He invited  Luftwaffe OC Walther Wever and Robert Ritter von Greim to him  perform a trial flight in May 1934 at the Jüterbog artillery range, but it raised doubts about the capability of the dive bomber. Udet began his dive at 1,000 m (3,300 ft) and released his 1 kg (2.2 lb) bombs at 100 m (330 ft), barely recovering and pulling out of the dive. Wever, and the Secretary of State for Aviation, Erhard Milch, feared that such high-level nerves and skill could not be expected of "average pilots" in the Luftwaffe. Nevertheless, development continued at Junkers. Udet's "growing love affair" with the dive bomber pushed it to the forefront of German aviation development. He even went so far as to advocate that all medium bombers have dive-bombing capabilities.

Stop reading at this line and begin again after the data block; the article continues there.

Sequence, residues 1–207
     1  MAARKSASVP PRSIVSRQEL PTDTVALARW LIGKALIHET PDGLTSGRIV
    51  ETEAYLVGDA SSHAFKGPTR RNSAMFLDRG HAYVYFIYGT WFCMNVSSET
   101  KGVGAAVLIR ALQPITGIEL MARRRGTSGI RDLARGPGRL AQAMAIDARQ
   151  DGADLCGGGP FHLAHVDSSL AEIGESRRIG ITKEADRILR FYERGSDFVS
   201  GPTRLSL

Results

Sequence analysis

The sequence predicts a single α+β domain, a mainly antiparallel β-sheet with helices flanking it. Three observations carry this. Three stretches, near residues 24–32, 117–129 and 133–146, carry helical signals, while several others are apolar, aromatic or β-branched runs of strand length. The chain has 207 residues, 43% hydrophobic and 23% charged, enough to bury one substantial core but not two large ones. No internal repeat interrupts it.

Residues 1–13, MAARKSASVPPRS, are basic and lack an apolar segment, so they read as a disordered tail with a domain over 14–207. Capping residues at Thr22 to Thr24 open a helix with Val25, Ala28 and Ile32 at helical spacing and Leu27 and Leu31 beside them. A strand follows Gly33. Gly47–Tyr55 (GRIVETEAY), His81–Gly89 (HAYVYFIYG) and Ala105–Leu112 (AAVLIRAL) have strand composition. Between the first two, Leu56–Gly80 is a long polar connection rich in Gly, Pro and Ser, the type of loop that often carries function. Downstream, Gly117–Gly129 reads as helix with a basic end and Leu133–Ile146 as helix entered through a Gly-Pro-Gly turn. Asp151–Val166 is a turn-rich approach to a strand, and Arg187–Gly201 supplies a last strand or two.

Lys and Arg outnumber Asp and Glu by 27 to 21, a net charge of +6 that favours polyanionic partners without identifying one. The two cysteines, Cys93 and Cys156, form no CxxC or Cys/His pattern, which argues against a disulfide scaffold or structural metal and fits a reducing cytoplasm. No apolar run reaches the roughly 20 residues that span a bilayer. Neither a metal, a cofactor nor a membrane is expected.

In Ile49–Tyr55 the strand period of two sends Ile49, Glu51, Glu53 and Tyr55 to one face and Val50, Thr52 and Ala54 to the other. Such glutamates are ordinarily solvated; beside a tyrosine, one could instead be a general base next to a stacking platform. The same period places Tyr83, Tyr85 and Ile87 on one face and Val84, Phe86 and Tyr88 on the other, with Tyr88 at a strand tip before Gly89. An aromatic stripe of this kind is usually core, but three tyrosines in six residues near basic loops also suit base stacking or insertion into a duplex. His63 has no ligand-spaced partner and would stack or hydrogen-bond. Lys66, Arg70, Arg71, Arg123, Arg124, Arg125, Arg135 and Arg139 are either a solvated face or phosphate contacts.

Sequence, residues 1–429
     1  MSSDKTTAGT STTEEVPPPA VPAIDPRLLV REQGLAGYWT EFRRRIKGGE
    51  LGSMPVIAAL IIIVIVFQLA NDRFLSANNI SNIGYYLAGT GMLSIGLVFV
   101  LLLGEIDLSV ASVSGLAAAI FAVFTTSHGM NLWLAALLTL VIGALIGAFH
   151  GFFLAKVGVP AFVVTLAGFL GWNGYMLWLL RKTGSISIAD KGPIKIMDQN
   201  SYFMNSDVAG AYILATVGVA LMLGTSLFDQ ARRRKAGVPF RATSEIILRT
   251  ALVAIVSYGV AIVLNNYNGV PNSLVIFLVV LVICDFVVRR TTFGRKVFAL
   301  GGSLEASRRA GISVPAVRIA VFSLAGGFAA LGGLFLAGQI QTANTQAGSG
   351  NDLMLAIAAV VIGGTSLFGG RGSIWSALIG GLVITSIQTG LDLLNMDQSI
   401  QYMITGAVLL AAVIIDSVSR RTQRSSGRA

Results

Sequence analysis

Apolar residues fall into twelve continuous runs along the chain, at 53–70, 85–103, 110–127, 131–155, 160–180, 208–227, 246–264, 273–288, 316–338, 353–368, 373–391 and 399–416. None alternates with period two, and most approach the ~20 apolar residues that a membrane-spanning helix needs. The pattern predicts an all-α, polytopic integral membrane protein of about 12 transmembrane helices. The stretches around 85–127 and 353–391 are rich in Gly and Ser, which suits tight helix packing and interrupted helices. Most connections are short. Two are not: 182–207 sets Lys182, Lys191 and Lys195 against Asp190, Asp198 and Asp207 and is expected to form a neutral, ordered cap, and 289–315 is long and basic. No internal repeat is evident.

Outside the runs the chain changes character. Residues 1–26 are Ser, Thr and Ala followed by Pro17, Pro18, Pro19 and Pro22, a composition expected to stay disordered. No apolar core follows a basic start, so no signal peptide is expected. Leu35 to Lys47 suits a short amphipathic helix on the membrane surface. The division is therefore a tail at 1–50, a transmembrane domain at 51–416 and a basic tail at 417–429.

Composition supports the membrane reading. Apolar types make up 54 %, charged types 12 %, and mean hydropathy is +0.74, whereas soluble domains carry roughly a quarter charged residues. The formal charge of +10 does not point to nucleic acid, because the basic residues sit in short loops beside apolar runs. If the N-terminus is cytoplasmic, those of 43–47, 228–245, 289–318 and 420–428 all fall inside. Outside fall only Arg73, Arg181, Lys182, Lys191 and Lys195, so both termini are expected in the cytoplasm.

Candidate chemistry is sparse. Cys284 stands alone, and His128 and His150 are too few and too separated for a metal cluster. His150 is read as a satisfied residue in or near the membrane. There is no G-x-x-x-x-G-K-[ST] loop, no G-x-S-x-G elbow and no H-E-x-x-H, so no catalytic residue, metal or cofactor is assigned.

Ju 87 evolution

The design of the Ju 87 had begun in 1933 as part of the Sturzbomber-Programm. The Ju 87 was to be powered by the British Rolls-Royce Kestrel engine. Ten engines were ordered by Junkers in 19 April 1934 The first Ju 87 prototype was built by AB Flygindustri (sv) in Sweden and secretly brought to Germany in late 1934. It was to have been completed in April 1935, but, due to inadequate strength of the airframe, construction was not completed until October 1935. However, the mostly complete Ju 87 V1 W.Nr.c 4921 (less non-essential parts) took off for its maiden flight on 17 September 1935. The aircraft originally did not carry any registration, but later was given the registration D-UBYR. The flight report, by Hauptmann Willy Neuenhofen, stated the only problem was with the small radiator, which caused the power plant to overheat.